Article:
It’s not just the speed of the M340i that makes our jaws drop, but the manner in which it behaves..
I’m just going to come right out and say it – this 2021 BMW M340i Special Edition is one of the most perfect vehicles I have driven this year for my current lifestyle. As a professional now in my thirties, the compact sport sedan segment has always been dear to my heart, and watching more and more entries go towards the “boring” turbo four-cylinder has been just as disheartening as watching the manual transmission go completely extinct in the segment. Luckily, the folks over at BMW, in all of their profit-maximizing niche models, still know how to create a car that tugs at the enthusiast’s heartstrings.
Sure, so it’s not a rear-drive coupé with perfect weight distribution, hydraulic steering and a stick, but after a test drive, sports sedan fans will be hard pressed to not appreciate what the current 340i offers. The tested model is a Special Edition, which offers BMW Individual bits such as unique Nardo Grey paint, exterior aero bits, an M Performance exhaust, and a stunning Fjord Blue and black interior. It comes together as one very nice package, but it’s worth pointing out that it’s possible to spec a non-Special Edition M340i in the exact same way.
The heart of the beast is an engine that BMW calls the B58, a 3.0-liter turbocharged inline six-cylinder that yes, is also offered in the Toyota GR Supra. It outputs 382 horsepower and 369 lb-ft. of torque, and has been reported to clock 0-100km/h runs in well below the four second mark. This is a seriously fast car, and we’d wager that the horsepower and torque numbers are underrated. It’s incredibly smooth and responsive, getting to any legal speed limit in the blink of an eye, and quietly snaking through the gears of the eight-speed ZF automatic transmission.
It’s not just the speed of the M340i that makes our jaws drop, but the manner in which this car behaves at high speeds. There is zero road noise, and unless the drive mode is in “Sport Plus”, no engine noise either. The cabin is completely isolated from the car’s surroundings and hence the vehicle’s speed is completely imperceptible. Very few cars today are capable of this, and it’s a trait that we haven’t really seen in other BMWs either. The V8-powered M550i and 750i come close, but that wonderful N63 engine does make its presence known, albeit subtly.
The chassis is extremely well sorted, with the adaptive dampers on our test vehicle absorbing road imperfections sufficiently. In the “Comfort” setting, the M340i has a cushy ride that’s no more punishing than a 5-series and substantially better than the current Mercedes-Benz C-Class. In its sportier modes, things tighten up nicely but by no means uncomfortable. The M340i feels perfectly balanced and everything comes together nicely, complemented by the aggressive pops, crackles and bangs of the M Performance exhaust fitted to our tester.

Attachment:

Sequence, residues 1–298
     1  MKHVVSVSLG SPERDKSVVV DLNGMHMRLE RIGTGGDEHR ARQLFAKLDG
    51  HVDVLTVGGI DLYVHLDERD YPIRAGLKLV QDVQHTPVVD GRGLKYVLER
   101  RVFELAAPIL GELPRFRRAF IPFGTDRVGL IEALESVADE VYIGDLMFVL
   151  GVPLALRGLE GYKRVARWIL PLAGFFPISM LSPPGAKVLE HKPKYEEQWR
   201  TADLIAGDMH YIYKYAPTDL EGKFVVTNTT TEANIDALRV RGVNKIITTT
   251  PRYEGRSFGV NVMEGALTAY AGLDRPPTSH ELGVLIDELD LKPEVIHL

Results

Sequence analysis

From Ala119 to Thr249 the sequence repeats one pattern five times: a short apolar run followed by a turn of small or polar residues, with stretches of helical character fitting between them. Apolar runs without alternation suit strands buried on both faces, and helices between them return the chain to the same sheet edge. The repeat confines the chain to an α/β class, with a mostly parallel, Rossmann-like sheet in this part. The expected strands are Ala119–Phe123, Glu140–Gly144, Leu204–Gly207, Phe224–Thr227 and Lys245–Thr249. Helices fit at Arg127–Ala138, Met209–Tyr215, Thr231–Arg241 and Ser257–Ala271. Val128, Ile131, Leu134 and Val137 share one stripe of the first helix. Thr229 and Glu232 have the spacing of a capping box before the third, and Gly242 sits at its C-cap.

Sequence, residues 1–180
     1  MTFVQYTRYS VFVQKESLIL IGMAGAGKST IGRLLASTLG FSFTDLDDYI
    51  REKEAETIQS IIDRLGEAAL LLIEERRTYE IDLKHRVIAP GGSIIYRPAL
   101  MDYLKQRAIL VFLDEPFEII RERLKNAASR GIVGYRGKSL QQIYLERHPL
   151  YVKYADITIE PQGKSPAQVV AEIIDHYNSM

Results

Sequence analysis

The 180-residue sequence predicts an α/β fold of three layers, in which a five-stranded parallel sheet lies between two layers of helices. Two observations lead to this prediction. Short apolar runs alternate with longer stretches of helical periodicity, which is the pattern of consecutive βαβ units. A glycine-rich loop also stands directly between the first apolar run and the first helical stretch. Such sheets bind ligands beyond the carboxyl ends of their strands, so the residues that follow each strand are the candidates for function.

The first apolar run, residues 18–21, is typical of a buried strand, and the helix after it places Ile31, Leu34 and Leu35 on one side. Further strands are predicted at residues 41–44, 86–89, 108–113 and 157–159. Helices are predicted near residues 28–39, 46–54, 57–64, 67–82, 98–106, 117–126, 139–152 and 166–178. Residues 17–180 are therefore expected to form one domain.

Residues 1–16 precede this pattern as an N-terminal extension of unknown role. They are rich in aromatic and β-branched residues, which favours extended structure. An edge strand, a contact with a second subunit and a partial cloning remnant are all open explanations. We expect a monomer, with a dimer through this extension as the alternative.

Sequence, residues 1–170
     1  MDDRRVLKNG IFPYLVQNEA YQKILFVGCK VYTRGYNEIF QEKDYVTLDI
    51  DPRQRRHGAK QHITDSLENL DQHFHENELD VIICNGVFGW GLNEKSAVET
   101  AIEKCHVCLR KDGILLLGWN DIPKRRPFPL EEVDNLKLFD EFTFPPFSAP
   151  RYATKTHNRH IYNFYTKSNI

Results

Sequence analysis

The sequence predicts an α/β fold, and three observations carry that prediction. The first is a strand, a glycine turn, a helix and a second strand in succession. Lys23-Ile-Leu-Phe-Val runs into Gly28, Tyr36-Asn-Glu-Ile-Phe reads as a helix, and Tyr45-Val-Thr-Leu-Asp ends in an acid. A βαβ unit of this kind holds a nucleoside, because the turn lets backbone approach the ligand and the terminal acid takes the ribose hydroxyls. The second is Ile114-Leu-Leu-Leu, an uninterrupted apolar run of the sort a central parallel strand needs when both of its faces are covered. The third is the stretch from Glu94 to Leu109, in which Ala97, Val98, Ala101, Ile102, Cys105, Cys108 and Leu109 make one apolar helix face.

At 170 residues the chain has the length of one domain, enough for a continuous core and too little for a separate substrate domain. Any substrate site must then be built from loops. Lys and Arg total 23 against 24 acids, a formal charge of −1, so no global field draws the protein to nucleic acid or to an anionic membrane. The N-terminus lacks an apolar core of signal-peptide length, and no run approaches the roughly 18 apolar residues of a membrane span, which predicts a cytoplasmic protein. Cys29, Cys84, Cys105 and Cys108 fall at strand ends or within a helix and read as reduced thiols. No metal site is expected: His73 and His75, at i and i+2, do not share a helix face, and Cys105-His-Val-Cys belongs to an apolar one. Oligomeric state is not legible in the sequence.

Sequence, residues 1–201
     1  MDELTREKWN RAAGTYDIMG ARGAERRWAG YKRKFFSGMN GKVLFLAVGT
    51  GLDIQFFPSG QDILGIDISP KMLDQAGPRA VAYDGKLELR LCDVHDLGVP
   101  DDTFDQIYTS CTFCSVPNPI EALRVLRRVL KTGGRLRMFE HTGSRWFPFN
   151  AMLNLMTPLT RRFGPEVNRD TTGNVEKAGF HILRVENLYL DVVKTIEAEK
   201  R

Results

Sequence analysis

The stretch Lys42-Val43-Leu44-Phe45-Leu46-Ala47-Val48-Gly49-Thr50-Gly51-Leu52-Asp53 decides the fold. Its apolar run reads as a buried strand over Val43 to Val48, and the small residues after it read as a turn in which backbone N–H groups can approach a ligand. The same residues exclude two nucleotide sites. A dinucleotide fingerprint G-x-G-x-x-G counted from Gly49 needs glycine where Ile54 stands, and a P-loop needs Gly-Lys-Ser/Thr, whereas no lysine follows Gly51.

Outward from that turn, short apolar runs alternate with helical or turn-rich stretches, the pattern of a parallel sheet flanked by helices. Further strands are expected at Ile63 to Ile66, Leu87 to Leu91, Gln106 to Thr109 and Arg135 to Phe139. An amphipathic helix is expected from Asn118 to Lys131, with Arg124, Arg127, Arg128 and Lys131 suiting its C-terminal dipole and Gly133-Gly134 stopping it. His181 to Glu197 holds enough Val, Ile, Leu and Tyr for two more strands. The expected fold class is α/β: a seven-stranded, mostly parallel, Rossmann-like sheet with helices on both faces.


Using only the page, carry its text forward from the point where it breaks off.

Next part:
Perhaps the only area in which the M340i disappoints is with the steering. The six-cylinder 3-series gets the same steering system as the previous generation, which arguably had the worst feel of any 3-series to date. The 330i gets the new steering developed specifically for this generation, called the G20, but somehow this was omitted from the pocket rocket that is the M340i. As such, while the car does change direction eagerly, the steering has very little on-center feel and doesn’t provide the personality expected from BMW.
BMW’s B58 engine isn’t just incredible to drive, it also manages to remain efficient. With help from tech like an idle stop-start system and a dedicated economy-focused drive mode, the M340i manages to sip fuel at a lower rate than many boosted four-cylinder competitors. We averaged 10.1L/100km after about 950km of combined driving, previously unheard of in a six-cylinder sport sedan that encourages spirited driving. As expected, 91-octane premium fuel is required.
Unsurprisingly, the Germans are currently leading the pack with regards to interior design, and while typically the Mercedes variant would be at the top as of late, the C-Class is aging while the 3-series is still fresh. The G20 3-series has a well-designed interior with top-notch materials and easy-to-use connectivity. The digital gauge cluster is well suited to the personality of the car, and the latest iteration of the iDrive infotainment system is finally capable of handling Android Auto after years of only offering Apple CarPlay. Both interfaces are available wirelessly.
Pricing is another mixed bag, and most interesting is that the plug-in hybrid 330e is actually the cheapest way to currently get a 3-series, at $48,204. The 330i starts at $52,604, and the M340i at $66,154. While our Special Edition pricing is unavailable at the time of this writing, we configured an M340i with all of the available options in the paint scheme of our tester. The total came to roughly $90,000, which isn’t far off from a fully jammed Audi S5 Sportback or Mercedes-AMG C 43.
The fact of the matter is, the previous generation of 3-series, offered from 2012 to 2018, was a car that never really satisfied enthusiasts. While it sold decently well, it has been plagued with serious reliability issues and was just too soft to drive. The 2021 BMW M340i Special Edition may be a bit on the expensive side, but that aside, is part of a generation that has brought the 3-series back onto the map. It’s not just a good car; this is one of the better driver’s cars at its price point if four doors are a requirement.